Background: Wastewater reuse represents a promising alternative source of water supply considering the water scarcity related to climate change. However, if not adequately treated, wastewater represents a source of microbiological health risk. The purpose of this work was to investigate the role of wastewater treatment on microbiological contamination by evaluating the possible risks associated with wastewater effluent reuse, taking into account new EU legislation (2020/741) on minimum requirements for water reuse. E. coli that produce Shiga toxins (STEC) and thermotolerant Campylobacter were monitored using an enrichment step associated with specific PCR, while Salmonella spp. and Legionella were detected with both cultural and molecular methods (PCR and q-PCR, respectively). Culture method was also used for the enumeration of different microbial indicators. The bacteria detection was compared in different wastewater plants with membrane bioreactor (MBR) system or with disinfection step with chlorine dioxide (ClO2). Moreover a comparison between molecular and culture methods was discussed. Results: The results obtained showed good abatement performance for WWTPs equipped with MBR. The high concentrations of E. coli (range between 0.88 and 5.21 Log MPN/100 mL) and contamination by Salmonella spp. in effluent disinfected with ClO2 (17% of samples) showed the need to control the quality of this effluent. In addition, despite the absence of Legionella spp. with the culture method required by EU regulation, high concentrations of Legionella spp. (range between 2 and 7 log GU/L) and the presence of Leg. pneumophila with qPCR (15% of samples) highlight the need to carry out further investigations for reuse associated with aerosol formation (e.g. spray irrigation in agriculture). Conclusions: The results obtained underline that the MBR technology can be suitable for wastewater reuse applications allowing to achieve the requirement proposed by the new European legislation. More attention should be given to wastewater reuse of effluents treated with ClO2. The use of the molecular methods for pathogens detection in wastewater could allow a more precautionary risks estimation associated with reuse. The overall results highlight that an evaluation of the effectiveness of the wastewater treatments is required for the prevention of a possible risk to public health.

Impact of wastewater treatment plants on microbiological contamination for evaluating the risks of wastewater reuse

Bonetta S.
First
;
Pignata C.;Gasparro E.;Richiardi L.;Bonetta S.
;
Carraro E.
Last
2022

Abstract

Background: Wastewater reuse represents a promising alternative source of water supply considering the water scarcity related to climate change. However, if not adequately treated, wastewater represents a source of microbiological health risk. The purpose of this work was to investigate the role of wastewater treatment on microbiological contamination by evaluating the possible risks associated with wastewater effluent reuse, taking into account new EU legislation (2020/741) on minimum requirements for water reuse. E. coli that produce Shiga toxins (STEC) and thermotolerant Campylobacter were monitored using an enrichment step associated with specific PCR, while Salmonella spp. and Legionella were detected with both cultural and molecular methods (PCR and q-PCR, respectively). Culture method was also used for the enumeration of different microbial indicators. The bacteria detection was compared in different wastewater plants with membrane bioreactor (MBR) system or with disinfection step with chlorine dioxide (ClO2). Moreover a comparison between molecular and culture methods was discussed. Results: The results obtained showed good abatement performance for WWTPs equipped with MBR. The high concentrations of E. coli (range between 0.88 and 5.21 Log MPN/100 mL) and contamination by Salmonella spp. in effluent disinfected with ClO2 (17% of samples) showed the need to control the quality of this effluent. In addition, despite the absence of Legionella spp. with the culture method required by EU regulation, high concentrations of Legionella spp. (range between 2 and 7 log GU/L) and the presence of Leg. pneumophila with qPCR (15% of samples) highlight the need to carry out further investigations for reuse associated with aerosol formation (e.g. spray irrigation in agriculture). Conclusions: The results obtained underline that the MBR technology can be suitable for wastewater reuse applications allowing to achieve the requirement proposed by the new European legislation. More attention should be given to wastewater reuse of effluents treated with ClO2. The use of the molecular methods for pathogens detection in wastewater could allow a more precautionary risks estimation associated with reuse. The overall results highlight that an evaluation of the effectiveness of the wastewater treatments is required for the prevention of a possible risk to public health.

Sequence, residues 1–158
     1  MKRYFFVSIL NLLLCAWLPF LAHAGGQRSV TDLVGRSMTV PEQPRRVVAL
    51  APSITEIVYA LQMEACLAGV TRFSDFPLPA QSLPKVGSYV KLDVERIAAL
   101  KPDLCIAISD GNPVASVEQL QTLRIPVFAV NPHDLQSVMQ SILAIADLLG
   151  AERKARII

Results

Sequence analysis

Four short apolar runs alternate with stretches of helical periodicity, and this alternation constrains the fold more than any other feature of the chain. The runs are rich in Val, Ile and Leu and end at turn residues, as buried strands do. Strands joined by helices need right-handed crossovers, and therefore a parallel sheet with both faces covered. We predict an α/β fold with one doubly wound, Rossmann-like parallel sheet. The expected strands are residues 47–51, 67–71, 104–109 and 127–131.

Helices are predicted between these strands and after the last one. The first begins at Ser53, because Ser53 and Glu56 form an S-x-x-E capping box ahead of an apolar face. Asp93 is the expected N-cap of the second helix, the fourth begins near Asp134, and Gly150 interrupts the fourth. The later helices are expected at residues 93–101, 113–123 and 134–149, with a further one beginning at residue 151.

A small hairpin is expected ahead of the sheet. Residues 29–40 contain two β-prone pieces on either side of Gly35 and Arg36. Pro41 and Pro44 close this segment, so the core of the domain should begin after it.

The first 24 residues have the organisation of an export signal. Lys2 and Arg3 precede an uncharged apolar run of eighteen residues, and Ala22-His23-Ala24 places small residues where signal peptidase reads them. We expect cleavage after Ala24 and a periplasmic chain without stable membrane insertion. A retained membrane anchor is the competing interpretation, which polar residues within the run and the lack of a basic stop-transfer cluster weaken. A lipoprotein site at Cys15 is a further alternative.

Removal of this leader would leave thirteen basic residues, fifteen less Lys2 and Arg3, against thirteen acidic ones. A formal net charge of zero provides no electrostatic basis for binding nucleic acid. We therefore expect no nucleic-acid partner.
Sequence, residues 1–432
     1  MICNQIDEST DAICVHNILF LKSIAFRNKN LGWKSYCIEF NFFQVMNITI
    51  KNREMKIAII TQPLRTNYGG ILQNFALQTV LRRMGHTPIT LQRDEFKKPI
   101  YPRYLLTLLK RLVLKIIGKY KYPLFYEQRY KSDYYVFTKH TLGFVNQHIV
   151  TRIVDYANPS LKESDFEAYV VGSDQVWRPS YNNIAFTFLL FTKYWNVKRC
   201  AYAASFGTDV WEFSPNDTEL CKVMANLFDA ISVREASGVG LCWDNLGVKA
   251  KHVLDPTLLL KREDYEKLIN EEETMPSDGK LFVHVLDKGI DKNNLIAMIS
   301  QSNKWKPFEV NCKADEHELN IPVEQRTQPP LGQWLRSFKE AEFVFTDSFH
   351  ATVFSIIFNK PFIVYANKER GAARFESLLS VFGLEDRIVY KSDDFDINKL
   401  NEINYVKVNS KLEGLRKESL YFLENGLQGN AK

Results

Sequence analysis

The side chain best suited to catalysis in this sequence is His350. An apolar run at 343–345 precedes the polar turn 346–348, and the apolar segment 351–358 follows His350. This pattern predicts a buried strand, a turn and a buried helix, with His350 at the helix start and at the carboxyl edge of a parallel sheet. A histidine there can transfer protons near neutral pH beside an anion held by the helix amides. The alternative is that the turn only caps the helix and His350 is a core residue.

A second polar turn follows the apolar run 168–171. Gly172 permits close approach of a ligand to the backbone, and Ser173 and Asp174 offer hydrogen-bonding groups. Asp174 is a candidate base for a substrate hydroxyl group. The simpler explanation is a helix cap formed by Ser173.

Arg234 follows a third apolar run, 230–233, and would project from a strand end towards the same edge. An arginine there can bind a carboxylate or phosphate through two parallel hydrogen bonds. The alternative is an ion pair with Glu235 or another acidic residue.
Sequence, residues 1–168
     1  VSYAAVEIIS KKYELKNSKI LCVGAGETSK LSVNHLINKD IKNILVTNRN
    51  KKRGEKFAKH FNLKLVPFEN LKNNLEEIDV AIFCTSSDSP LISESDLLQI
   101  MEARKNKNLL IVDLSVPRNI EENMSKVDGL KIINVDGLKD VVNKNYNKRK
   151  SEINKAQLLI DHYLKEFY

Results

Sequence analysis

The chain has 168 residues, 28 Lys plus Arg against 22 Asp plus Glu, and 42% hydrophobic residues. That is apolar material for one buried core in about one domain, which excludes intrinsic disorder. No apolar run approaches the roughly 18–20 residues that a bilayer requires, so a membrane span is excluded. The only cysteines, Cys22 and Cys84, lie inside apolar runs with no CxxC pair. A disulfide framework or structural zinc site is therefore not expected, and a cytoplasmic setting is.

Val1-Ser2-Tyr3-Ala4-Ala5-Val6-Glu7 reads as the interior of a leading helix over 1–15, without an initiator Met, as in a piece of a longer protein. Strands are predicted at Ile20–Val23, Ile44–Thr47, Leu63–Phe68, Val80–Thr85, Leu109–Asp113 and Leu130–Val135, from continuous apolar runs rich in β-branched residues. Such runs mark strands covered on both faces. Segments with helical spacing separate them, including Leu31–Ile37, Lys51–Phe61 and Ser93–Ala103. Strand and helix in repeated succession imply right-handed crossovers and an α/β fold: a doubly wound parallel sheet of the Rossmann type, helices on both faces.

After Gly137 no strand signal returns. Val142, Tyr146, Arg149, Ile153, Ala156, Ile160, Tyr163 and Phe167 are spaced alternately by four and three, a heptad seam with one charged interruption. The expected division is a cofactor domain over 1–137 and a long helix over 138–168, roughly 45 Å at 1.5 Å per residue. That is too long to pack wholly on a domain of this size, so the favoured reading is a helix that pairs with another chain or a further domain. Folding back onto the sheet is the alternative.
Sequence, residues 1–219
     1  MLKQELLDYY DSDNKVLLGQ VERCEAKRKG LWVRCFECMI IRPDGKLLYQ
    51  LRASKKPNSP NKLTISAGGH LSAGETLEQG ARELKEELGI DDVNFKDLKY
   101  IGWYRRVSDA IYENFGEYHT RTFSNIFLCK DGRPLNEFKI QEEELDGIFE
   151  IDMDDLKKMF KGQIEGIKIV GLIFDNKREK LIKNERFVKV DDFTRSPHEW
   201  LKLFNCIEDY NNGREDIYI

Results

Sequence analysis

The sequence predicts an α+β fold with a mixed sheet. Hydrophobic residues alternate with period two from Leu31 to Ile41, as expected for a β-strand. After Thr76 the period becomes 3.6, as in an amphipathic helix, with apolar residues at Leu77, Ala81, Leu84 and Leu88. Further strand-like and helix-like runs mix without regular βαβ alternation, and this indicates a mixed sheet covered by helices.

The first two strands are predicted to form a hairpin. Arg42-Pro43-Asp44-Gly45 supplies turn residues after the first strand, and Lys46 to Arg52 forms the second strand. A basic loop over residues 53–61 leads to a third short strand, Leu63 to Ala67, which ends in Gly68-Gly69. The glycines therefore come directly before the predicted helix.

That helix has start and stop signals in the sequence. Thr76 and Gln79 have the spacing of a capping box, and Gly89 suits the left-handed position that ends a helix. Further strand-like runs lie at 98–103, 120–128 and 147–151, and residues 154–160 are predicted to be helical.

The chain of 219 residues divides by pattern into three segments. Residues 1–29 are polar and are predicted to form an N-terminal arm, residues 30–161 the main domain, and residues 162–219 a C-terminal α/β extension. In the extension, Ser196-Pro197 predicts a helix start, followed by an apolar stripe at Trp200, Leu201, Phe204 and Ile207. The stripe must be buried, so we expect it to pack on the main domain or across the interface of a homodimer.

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Disinfection; Indicator microorganisms; Legionella pneumophila; Legionella spp; Legislation; MBR; Pathogenic bacteria; STEC; Wastewater reuse
Bonetta S.; Pignata C.; Gasparro E.; Richiardi L.; Bonetta S.; Carraro E.
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Utilizza questo identificativo per citare o creare un link a questo documento: http://hdl.handle.net/2318/1850371
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